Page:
Our Hedgeye Housing Compendium table (below) aspires to present the state of the housing market in a visually-friendly format that takes about 30 seconds to consume.


Builder Confidence | Headfake or Harbinger? - Compendium 111715


Today's Focus: November NAHB HMI (Builder Confidence Survey)

Builder Confidence slipped -3pts in November, dropping for the 1st time in 6-months and retreating off the cycle high of 65 (revised +1pt) recorded in September. Across the sub-indices, Current Sales and 6M Expectations declined -3pts and -5pts, respectively, while Current Traffic rose +1pt sequentially. Regionally: West = +1pt and making a new 120-month high, South = -5pts off 120-mo high recorded last month, Midwest = -1pt MoM, Northeast = flat at 52 and holding at decade highs.


Off The Highs: Given the soft PHS and NHS data for October, it’s not particularly surprising to see Builder Confidence in November retreat moderately off the 10-year high recorded last month.  One month does not a trend make but if October was indeed the peak, it would fall well below the prior cycle highs of 71, 78 and 72.


Builder vs Consumer Confidence:  The pullback in the HMI is in-line with the recent trend in broader measures of consumer confidence which peaked in 1Q15 and have softened since.  Up to now, what has been interesting was the continued momentum in both the headline and forward expectations readings in the HMI, particularly given the tendency for Builder Confidence to lead both Consumer Confidence and broader macro inflections over recent cycles. We discussed this divergence in greater detail in reviewing the October HMI data (HERE).


Headfake or Harbinger | Profiling the Last 2 Cycles:  The HMI progression followed somewhat variant paths during the Tech and Housing bubbles cycles.  We profile each below but there are a few broader takeaways. 


  1. The trend in HMI is a good lead indicator for housing fundamentals and the broader economy and a decent coincident indicator for housing related equities (chart 1 below). 
  2. There are multiple instances in which HMI weakened for 1 or 2 months only to bounce back.  However, successive months of weakness have generally signaled further, ongoing softening (chart 2/3).
  3. Rates:  Rates have been a mitigating-to-primary factor in the HMI-Housing connection.  Inflections in builder confidence and housing/builder performance have occurred alongside changes in the policy rate and flow through shifts in mortgage financing costs (charts 2/3).  


Tech Bubble Cycle (97-03):  HMI peaked at 77/78 in Nov/Dec 1998 and then corrected down to 71 for Feb/Mar/Apr 1999, only to bounce back to 75/77 in May/Jun/July 1999.  The drop in HMI in late 1998 is fairly coincident with both a tightening in policy and the decline in Housing stocks in early 1999 through mid-2000.  However, housing stocks rose steadily from mid-2000 on –  a period which coincided with an ease in rates and a stabilizing of HMI in the 55-63 range (post-9/11, notwithstanding). 


Housing Bubble Cycle (03-08):  In hindsight it was obvious that the June 2005 reading of 72 was the high and it was downhill from there. However, it probably wasn’t clear at that time that things were rolling over (based solely on HMI in isolation) until the 61 print in November 2005, or the 57 print in December 2005.  After tripling over the preceding 2.5yrs, builder stocks peaked in July 2005, well ahead of the broader equity or economic peak but coincident with the turn higher in rates.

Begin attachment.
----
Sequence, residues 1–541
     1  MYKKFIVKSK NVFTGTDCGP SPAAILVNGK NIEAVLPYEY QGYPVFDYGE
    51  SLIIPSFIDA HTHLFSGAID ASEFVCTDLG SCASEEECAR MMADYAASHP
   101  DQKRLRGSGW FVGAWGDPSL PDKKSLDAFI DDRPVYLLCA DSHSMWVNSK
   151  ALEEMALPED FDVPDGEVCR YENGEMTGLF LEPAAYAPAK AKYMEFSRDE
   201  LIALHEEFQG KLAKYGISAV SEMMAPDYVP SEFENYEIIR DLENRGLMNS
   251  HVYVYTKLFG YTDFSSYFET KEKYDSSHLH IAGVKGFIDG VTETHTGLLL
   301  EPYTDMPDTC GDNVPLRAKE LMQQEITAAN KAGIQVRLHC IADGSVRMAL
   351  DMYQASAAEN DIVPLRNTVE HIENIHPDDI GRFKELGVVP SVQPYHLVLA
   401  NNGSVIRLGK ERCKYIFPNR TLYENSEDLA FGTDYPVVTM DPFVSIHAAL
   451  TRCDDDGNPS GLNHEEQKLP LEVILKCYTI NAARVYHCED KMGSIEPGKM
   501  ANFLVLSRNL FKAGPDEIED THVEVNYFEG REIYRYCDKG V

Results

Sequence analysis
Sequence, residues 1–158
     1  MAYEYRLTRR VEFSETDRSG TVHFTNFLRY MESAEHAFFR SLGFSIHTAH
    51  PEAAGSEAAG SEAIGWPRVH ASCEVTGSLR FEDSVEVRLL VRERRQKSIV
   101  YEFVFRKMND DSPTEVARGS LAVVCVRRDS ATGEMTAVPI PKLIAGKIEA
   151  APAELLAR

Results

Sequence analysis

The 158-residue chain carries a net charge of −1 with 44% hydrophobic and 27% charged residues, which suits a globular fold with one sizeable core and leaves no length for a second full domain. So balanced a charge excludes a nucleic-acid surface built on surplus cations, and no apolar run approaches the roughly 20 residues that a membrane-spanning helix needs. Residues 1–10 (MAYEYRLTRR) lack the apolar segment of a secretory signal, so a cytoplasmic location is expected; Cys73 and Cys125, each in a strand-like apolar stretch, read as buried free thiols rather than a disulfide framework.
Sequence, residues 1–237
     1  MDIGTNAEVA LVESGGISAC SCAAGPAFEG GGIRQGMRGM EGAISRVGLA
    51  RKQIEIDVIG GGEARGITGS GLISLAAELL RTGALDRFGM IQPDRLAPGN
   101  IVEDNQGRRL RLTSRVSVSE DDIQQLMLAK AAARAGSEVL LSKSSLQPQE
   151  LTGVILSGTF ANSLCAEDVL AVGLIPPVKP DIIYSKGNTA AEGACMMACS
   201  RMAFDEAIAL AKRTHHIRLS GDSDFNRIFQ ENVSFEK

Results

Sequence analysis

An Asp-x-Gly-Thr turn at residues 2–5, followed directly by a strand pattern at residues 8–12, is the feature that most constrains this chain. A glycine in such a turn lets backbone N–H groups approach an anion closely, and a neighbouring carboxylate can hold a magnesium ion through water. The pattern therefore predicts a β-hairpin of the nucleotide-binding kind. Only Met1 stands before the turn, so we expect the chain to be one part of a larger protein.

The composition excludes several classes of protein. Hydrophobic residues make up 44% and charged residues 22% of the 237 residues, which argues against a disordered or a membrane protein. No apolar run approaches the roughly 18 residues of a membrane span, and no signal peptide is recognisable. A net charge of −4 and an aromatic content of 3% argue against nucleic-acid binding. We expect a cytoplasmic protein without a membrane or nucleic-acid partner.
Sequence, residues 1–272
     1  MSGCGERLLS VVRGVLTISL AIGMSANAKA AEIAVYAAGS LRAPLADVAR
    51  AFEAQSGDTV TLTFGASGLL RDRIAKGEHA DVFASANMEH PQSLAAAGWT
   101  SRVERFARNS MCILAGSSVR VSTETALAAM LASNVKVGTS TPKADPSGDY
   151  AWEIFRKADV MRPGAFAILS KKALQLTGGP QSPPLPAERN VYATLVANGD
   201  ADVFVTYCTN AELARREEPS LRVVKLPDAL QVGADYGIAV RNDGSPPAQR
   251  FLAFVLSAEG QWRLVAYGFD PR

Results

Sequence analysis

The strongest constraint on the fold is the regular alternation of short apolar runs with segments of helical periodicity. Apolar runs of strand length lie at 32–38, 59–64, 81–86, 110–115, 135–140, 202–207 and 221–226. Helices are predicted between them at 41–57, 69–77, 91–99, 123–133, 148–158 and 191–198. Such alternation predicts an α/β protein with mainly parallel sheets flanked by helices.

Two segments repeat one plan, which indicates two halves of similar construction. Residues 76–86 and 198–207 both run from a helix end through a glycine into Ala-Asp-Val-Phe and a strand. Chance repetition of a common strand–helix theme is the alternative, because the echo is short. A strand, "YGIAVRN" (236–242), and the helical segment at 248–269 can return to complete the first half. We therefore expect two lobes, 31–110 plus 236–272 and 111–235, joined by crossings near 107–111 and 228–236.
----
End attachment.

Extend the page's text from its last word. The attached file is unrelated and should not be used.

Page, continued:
So what do you do with the November data? ….  The short answer is probably ‘not much’ as a single month of data falls in indicator purgatory vis-à-vis a read-through on the Trend.  We will be more concerned if we see a 2nd month of retreat in December and the Fed pulls the normalization trigger into slowing growth.   The rates dynamic and duration sensitivity in equity exposure is more challenging to navigate in the current instance also as we expect a shallow hiking cycle (if any at all) and think a flattening yield curve is more probable than not in the face of a sustained attempt at policy normalization.



Builder Confidence | Headfake or Harbinger? - HMI vs Consumer Confidence


Builder Confidence | Headfake or Harbinger? - HMI Tech Buble Cycle


Builder Confidence | Headfake or Harbinger? - HMI Housing Bubble Cycle


Builder Confidence | Headfake or Harbinger? - NAHB LT


Builder Confidence | Headfake or Harbinger? - NAHB Optimism Spread


Builder Confidence | Headfake or Harbinger? - NAHB Regional


Builder Confidence | Headfake or Harbinger? - NAHB Survey Indicators


Builder Confidence | Headfake or Harbinger? - HMI vs Univ Mich Housing Sentiment



About the NAHB HMI:

The Housing Market Index (HMI) is based on a monthly survey of NAHB members designed to take the pulse of the single-family housing market. The monthly survey has been conducted for 30 years. The survey asks respondents to rate market conditions for the sale of new homes at the present time and in the next 6 months as well as the traffic of prospective buyers of new homes. The HMI is a weighted average of separate diffusion indices for these three key single-family series. The HMI can range from 0 to 100, where a value over 50 implies conditions are, on average, improving, a value below 50 implies conditions are worsening, and an index value of 50 indicates that the housing market is neither improving nor worsening.




Joshua Steiner, CFA


Christian B. Drake